Bear markets are great! Let me explain. Lower prices mean greater future returns. Bear markets always occur during global slowdowns as investor confidence is shaken from lower growth expectations. It is only when investor expectations are low that the foundation is set for fantastic returns.
The usual definition of a bear market is based on an arbitrary level of negative returns, such as -20%. While there can be flash crashes during bull markets (for example, 1987 or 2010), in our opinion, proper bear markets occur when global growth slows. Over the last 30 years, there have been eight global slowdowns, which have coincided with significant share market corrections. The anatomy of these bear markets and recovery (peak to trough return, peak to trough duration, trough to peak duration, peak to peak duration) are displayed in the table below:
During an economic slowdown, the average peak to trough return was about -19% and the average bear market and recovery duration (peak to peak) was about 30 months (excluding the 2008 GFC period which is yet to complete).
Bear markets do not end abruptly. They tend to be drawn-out processes with lots of volatility. Hence, something is very peculiar about the recent share market correction. The All Ords index collapsed in the fourth quarter of 2018, which reflected global growth concerns. Despite no sign of a global recovery, the market formed a V-shaped recovery and recorded its strongest half year return (20%) since 1991. If December 2018 was the market low, then this correction would be one of the most benign in terms of magnitude (-11%) and peak to peak duration (9 months). The correction to date happened so fast that there are not many wounds to lick, unlike previous global slowdowns.
This strange bear market behaviour is driven by a divergence from historical precedents in both the All Resources and the All Industrials indices.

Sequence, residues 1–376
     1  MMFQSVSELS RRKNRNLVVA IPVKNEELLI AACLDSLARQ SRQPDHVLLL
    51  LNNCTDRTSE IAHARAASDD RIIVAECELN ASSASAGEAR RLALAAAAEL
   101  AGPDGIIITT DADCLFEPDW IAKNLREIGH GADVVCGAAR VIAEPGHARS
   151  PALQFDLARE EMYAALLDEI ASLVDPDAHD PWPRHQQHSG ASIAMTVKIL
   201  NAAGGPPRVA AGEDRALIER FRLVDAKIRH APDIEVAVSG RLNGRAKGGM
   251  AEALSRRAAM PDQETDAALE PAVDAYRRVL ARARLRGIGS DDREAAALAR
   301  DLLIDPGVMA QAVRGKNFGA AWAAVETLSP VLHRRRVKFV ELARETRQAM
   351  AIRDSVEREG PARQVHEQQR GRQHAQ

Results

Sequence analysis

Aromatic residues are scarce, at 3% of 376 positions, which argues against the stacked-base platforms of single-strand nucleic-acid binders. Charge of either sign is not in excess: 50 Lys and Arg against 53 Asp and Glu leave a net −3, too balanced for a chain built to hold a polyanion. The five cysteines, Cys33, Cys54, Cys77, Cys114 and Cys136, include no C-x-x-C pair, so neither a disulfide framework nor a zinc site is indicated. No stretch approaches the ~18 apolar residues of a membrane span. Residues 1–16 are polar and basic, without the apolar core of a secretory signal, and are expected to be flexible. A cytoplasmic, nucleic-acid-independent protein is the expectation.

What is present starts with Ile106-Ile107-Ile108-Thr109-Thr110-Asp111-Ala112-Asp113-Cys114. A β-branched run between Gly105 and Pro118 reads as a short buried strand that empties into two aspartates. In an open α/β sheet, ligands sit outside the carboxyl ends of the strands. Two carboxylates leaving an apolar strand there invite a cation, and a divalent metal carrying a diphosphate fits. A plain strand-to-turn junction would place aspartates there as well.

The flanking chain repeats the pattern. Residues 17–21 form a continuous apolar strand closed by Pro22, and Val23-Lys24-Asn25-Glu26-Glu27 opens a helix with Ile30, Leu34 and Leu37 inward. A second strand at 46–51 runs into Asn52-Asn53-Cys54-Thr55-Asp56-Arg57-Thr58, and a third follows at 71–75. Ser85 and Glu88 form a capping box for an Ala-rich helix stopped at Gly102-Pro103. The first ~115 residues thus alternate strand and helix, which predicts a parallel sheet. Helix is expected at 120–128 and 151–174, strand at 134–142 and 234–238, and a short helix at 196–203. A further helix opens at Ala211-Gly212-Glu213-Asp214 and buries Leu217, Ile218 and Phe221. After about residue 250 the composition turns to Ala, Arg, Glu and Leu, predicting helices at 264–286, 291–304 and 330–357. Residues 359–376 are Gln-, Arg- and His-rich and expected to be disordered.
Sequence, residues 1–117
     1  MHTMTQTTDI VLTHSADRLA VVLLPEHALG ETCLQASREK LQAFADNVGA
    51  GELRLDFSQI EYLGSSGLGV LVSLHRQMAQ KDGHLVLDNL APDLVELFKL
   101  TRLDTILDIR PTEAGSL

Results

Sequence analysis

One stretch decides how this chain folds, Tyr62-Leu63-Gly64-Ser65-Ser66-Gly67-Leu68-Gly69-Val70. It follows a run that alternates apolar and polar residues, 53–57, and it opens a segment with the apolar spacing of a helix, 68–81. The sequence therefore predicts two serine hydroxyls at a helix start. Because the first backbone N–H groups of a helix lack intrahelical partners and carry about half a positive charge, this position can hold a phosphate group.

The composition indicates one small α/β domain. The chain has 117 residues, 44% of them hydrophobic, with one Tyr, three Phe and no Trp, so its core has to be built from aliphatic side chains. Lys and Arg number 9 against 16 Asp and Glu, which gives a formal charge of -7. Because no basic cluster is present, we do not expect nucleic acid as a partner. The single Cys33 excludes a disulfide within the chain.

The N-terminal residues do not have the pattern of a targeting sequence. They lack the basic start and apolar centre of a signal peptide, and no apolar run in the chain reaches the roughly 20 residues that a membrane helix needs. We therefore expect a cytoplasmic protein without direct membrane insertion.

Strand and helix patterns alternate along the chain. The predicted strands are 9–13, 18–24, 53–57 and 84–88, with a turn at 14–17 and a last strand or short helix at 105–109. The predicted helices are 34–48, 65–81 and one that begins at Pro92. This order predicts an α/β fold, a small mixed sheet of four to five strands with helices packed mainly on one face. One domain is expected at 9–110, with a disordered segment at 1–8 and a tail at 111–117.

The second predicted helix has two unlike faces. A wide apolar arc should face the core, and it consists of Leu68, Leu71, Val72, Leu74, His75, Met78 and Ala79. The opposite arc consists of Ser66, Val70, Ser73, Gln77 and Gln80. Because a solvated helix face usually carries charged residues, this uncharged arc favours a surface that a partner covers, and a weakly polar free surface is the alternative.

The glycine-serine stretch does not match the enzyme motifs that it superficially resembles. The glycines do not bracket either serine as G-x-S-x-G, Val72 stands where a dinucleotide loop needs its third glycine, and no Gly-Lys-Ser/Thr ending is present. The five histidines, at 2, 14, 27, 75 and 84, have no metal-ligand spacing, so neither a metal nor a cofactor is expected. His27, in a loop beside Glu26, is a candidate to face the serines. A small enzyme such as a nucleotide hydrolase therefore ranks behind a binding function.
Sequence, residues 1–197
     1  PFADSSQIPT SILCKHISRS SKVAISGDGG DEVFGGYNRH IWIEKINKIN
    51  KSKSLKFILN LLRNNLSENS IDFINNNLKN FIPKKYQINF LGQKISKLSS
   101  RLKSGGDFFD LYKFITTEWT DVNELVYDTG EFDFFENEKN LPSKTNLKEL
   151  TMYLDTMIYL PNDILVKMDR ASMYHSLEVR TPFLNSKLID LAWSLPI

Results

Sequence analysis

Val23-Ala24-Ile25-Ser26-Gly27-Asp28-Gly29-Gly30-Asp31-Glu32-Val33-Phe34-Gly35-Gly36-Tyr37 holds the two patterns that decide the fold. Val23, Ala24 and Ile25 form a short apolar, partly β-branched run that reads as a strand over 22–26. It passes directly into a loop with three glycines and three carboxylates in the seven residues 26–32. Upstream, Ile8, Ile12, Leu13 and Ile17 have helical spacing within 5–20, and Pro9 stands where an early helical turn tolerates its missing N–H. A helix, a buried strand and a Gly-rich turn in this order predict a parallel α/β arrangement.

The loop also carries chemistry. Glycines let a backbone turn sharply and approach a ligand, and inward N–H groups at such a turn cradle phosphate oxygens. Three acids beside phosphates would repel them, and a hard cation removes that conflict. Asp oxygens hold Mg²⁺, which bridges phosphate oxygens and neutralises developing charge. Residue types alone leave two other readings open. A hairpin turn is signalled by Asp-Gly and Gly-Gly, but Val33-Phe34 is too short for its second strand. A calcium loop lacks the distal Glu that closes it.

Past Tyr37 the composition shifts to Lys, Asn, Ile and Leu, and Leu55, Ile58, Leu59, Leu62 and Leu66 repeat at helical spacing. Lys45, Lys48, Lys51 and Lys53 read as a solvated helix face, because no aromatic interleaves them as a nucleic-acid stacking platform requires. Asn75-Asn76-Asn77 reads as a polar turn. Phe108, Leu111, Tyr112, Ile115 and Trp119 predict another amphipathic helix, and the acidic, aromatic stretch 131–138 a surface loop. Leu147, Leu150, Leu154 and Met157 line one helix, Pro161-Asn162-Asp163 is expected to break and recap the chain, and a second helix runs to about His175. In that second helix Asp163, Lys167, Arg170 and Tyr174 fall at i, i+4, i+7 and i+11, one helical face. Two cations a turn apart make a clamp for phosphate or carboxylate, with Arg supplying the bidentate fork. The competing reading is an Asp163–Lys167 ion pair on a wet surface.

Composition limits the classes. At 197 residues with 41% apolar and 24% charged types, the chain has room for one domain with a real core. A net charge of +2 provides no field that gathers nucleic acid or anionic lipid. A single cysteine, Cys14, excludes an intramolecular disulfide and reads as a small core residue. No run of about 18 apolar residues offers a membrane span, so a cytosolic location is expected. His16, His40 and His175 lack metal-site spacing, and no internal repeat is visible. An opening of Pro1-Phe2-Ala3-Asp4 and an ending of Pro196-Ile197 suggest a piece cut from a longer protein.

What is driving the resource divergence?
Resource stock earnings are highly sensitive to the global environment because of their operating leverage to commodity prices. Typically, during global slowdowns the earnings of resource stocks collapse and the All Resources index records negative annual returns. However, for the first time in 20 years the performance of the resource sector has diverged during a global slowdown. The rolling annual return for the All Resources Accumulation Index has amazingly remained positive (even prior to the Vale dam disaster in January 2019). This once in a lifetime divergence is due to the Chinese supply side reform implemented in 2016. By cutting supply for certain commodities, the Chinese have engineered high prices to help some of their heavily indebted industries pay off debt.
What is driving the industrial divergence?
However, resource stocks account for about 20% of the market. The majority of the All Ords is driven by industrial stocks, which have rallied so hard that current market valuations are on par with the technology boom peak. This is the fourth time in the last 20 years that the All Industrials has hit its 16.5x PE multiple ceiling. The high valuation multiple is more akin to market tops, which is in direct contrast to previous global slowdowns where PE multiples contract.
While the WAAAX (Wisetech, Appen, Altium, Afterpay, Xero) stocks get a lot of attention about their exhilarating growth, it is the large companies with slower growth prospects that have pushed the market to its highs. For example, Commonwealth Bank (CBA) and Woolworths’ (WOW) PE multiples have expanded despite their earnings being revised down over the last few months. Like the market, their PE multiples have also hit their historical extreme PE ceilings. In contrast, during previous global slowdowns both CBA and WOW had contracting PE multiples. Contrary to popular opinion, WOW was not so defensive in the past.
During economic slowdowns, interest rates fall and valuations compress
Many pundits attempt to justify rising stock valuations by pointing to falling interest rates. This is only partially correct because valuations are not a one factor model based on interest rates – growth is a more important factor. In periods of economic slowdowns, valuation multiples typically compress because the impact of lower growth expectations outweigh the impact of lower interest rates. This is the same reason why PE multiples generally expand when economic growth is robust.